Demand for imported ferrous scrap in India remained suspended with all major states imposing lockdowns and restrictions to curb the spread of COVID-19 infections. This could result in an overall slowdown in economic activities.
Buyers decided to stay in wait and watch mode to gain clarity on the domestic situation. This week has a couple of local holidays which could further slow down trades. Steel mills, however, are keen to announce another round of price hike in line with higher international steel prices. A rise in domestic steel prices could support demand for ferrous scrap.
The daily Davis Index for UAE-origin HMS 1&2 (80:20), Monday, settled at $426/cfr Nhava Sheva, down $2/mt from Friday. Most mills either placed very low bids or refuse to book material. Traders and buyers are hassled with having to find empty containers, thereby, limiting trades.
Dubai-origin HMS #1 offered at $435-440/mt cfr Nhava Sheva. All three subcontinental markets competed to secure material from the region where supply is known to tighten during Ramadan.
The daily Davis Index for containerized shredded, Monday, settled at $460.75/mt cfr Nhava Sheva, up $0.75/mt from Friday. Offers for shredded in containers from the UK remained at $460-465/mt cfr Nhava Sheva, however, a few sellers may offer material at lower prices to encourage trades. Mills are quiet in expectation of a slight drop in prices, this week.
The index for US-origin HMS 1&2 (80:20) Monday rose by $2.5/mt to $432.55/mt cfr Nhava Sheva from Friday, while trades were suspended for long deliveries. US suppliers preferred Taiwanese and Vietnamese destinations over South Asian buyers.
On Monday, melting scrap offers in Alang rose by Rs500/mt to around Rs33,000/mt ex-yard. In Gujarat, a leading ferrous scrap consumer Mono Steel has announced a maintenance shutdown for 7 days.
The Indian customs department has announced an official holiday on April 14, thereby reducing working hours this week.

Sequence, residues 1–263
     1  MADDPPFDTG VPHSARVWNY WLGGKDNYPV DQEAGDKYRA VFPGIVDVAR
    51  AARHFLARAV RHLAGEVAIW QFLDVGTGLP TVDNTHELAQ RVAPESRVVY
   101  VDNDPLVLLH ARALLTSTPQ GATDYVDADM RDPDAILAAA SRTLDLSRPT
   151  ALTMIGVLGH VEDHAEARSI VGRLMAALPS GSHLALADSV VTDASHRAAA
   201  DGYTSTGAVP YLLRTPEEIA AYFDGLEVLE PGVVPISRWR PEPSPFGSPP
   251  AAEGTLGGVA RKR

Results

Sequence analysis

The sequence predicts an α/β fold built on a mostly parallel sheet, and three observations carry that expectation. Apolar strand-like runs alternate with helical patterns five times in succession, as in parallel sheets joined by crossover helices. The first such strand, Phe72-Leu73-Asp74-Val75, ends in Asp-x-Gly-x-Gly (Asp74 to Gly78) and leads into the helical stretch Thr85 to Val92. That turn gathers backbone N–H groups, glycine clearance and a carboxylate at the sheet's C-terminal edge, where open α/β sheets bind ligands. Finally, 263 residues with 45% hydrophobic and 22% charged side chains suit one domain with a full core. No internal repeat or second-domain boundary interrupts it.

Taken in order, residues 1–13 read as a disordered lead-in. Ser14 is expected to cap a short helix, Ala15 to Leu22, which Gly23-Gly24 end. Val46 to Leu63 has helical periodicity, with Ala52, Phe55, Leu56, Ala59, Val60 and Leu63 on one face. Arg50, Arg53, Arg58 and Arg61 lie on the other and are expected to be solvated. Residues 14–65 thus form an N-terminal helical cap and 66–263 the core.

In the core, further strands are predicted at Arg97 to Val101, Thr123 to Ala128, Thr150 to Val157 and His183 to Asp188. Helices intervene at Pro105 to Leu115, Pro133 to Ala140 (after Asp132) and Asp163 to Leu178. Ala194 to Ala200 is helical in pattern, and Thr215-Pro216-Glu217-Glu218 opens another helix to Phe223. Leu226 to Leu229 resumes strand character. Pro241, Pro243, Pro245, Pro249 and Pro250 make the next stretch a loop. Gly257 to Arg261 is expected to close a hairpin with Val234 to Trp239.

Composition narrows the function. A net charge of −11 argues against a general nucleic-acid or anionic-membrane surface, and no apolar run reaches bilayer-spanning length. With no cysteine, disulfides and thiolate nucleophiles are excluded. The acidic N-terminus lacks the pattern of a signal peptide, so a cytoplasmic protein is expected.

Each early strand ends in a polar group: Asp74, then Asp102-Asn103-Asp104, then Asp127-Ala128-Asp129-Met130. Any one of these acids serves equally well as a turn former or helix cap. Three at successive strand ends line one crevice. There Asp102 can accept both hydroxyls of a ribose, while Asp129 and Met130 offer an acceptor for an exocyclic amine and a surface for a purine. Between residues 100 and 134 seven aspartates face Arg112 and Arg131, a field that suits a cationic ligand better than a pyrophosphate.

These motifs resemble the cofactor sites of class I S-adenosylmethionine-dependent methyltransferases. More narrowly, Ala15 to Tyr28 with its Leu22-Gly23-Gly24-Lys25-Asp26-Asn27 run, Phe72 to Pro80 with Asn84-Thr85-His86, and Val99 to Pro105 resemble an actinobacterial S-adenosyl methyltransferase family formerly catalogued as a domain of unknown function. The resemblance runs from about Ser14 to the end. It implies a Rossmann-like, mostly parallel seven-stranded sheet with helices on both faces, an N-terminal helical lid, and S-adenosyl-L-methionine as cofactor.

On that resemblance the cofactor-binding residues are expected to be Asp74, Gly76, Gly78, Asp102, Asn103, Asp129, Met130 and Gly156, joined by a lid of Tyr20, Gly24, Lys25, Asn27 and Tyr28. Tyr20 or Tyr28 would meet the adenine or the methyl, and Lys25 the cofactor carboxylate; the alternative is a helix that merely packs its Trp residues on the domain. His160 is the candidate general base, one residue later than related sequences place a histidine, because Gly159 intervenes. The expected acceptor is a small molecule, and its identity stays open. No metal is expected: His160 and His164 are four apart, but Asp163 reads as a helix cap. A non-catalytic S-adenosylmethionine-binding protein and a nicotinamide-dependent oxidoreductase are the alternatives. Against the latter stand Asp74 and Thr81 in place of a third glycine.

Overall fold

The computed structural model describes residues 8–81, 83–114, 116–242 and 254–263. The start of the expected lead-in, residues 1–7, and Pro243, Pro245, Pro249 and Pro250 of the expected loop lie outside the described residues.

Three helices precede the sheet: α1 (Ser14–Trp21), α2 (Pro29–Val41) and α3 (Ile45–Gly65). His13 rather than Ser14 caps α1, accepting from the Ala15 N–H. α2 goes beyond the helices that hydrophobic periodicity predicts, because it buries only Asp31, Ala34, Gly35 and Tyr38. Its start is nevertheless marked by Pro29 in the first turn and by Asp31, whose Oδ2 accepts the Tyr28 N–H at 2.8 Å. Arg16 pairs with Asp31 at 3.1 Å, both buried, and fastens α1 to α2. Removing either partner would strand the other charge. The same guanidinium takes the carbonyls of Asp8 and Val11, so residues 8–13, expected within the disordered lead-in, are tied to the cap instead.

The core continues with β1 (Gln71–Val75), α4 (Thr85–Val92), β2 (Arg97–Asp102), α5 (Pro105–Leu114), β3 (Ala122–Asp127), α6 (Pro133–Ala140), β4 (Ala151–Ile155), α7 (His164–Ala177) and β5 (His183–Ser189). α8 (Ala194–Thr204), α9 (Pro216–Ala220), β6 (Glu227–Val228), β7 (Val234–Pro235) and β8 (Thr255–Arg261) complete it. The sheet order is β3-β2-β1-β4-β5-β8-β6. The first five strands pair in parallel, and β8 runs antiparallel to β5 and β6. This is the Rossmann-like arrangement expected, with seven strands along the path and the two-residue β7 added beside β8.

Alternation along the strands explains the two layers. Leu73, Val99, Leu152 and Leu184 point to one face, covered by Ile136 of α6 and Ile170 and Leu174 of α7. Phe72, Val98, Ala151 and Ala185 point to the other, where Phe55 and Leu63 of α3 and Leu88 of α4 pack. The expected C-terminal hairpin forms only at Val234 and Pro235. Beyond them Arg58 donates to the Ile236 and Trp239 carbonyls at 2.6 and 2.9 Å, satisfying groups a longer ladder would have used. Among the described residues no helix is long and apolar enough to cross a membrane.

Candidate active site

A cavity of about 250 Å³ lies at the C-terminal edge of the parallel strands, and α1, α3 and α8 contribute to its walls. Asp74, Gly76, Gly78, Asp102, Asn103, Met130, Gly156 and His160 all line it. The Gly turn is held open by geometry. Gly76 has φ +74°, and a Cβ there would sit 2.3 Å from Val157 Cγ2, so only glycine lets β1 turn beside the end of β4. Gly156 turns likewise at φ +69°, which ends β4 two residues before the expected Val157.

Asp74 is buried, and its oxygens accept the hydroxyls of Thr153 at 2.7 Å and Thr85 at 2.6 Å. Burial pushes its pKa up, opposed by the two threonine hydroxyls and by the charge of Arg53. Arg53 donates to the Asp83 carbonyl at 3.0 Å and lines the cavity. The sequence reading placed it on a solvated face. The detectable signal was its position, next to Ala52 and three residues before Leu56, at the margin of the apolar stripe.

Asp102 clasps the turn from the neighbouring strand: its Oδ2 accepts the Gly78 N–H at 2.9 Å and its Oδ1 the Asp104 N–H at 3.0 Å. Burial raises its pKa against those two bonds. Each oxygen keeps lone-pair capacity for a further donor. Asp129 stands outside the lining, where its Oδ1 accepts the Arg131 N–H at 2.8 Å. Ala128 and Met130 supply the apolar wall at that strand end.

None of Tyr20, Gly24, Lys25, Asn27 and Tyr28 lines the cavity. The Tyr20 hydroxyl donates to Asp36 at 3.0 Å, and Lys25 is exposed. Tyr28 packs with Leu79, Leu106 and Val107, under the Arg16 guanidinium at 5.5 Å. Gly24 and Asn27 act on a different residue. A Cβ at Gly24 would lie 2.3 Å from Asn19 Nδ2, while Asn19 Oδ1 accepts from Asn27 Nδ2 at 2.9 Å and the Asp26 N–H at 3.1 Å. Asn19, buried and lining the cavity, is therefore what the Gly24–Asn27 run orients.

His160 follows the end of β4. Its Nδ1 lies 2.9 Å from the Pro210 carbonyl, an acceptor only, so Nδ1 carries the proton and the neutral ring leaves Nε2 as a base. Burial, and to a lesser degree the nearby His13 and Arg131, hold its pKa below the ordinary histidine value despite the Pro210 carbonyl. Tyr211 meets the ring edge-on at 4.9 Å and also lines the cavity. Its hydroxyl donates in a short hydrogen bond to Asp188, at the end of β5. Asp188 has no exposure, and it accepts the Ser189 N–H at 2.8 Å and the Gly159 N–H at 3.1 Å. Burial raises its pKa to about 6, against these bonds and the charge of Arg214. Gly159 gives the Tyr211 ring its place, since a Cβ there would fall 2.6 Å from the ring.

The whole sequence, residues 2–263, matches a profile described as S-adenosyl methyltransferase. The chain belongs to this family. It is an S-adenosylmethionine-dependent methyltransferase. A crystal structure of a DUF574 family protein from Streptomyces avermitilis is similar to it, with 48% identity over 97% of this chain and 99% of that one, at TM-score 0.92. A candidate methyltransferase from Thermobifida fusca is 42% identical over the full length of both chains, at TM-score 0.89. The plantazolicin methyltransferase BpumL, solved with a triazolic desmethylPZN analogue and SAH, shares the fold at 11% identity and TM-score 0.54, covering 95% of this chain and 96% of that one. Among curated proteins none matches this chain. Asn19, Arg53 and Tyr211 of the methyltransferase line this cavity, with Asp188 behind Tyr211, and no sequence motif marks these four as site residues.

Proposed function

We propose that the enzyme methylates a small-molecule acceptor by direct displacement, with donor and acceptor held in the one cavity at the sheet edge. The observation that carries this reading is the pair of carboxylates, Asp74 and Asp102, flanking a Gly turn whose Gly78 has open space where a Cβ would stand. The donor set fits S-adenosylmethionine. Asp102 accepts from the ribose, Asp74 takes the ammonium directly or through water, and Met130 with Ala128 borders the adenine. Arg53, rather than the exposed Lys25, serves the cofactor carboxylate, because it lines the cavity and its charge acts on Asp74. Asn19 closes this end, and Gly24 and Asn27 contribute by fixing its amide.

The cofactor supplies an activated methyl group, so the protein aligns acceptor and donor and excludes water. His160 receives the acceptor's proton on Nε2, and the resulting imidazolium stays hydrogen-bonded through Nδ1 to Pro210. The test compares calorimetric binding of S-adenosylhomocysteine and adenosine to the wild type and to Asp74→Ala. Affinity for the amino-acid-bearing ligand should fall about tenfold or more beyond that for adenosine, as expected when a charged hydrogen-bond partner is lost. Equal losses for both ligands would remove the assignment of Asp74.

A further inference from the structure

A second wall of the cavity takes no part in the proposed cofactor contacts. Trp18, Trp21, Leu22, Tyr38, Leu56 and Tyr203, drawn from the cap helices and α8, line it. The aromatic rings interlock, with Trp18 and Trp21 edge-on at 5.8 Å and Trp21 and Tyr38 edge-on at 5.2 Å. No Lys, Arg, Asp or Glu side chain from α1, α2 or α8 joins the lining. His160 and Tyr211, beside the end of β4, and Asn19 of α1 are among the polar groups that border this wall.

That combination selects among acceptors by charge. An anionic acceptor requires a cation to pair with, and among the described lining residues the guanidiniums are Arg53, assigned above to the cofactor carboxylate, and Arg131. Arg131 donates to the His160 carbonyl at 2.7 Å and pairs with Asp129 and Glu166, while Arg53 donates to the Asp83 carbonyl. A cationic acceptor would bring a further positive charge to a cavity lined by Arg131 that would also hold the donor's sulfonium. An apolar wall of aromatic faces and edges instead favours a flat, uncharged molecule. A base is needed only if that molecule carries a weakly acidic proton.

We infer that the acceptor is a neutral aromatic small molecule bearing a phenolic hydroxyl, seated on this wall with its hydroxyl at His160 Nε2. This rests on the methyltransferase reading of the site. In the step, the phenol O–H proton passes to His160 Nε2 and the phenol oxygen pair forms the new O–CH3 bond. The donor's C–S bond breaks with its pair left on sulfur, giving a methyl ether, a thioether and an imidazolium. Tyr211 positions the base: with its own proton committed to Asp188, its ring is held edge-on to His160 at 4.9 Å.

Despite the vaccination drive gaining pace, restrictions are expected to tighten in the coming days. The spread of COVID-19 in many industrial regions have forced workers to return to their hometowns. Recyclers are challenged with the limited availability of industrial oxygen cylinders used for cutting operations. The government has diverted over 80pc of oxygen supplies to medical users. Some furnace operators have also shut operations due to the unavailability of oxygen cylinders.
In China, government officials have raised concerns about the rising price of bulk commodities and are mulling ways to control prices. Domestic billet prices in the retail market dropped sharply on Monday amid a slide in steel futures. Billet prices were at CNY4,890/mt ex Tangshan, down by CNY170/mt.
The daily Davis Index for containerized shredded Monday settled at $456.82/mt cfr Indian subcontinent, up $5.18/mt from Friday. The daily index for containerized US-origin HMS 1&2 (80:20) settled at $431.09/mt cfr Indian subcontinent, up by $6.70/mt from Friday.
Weekly containerized freight rates maintained by Davis Index showed a dip of $5-10/mt to $54.61/mt, $65.09/mt, and $81.83/mt from New York to India, Pakistan, and Bangladesh, respectively.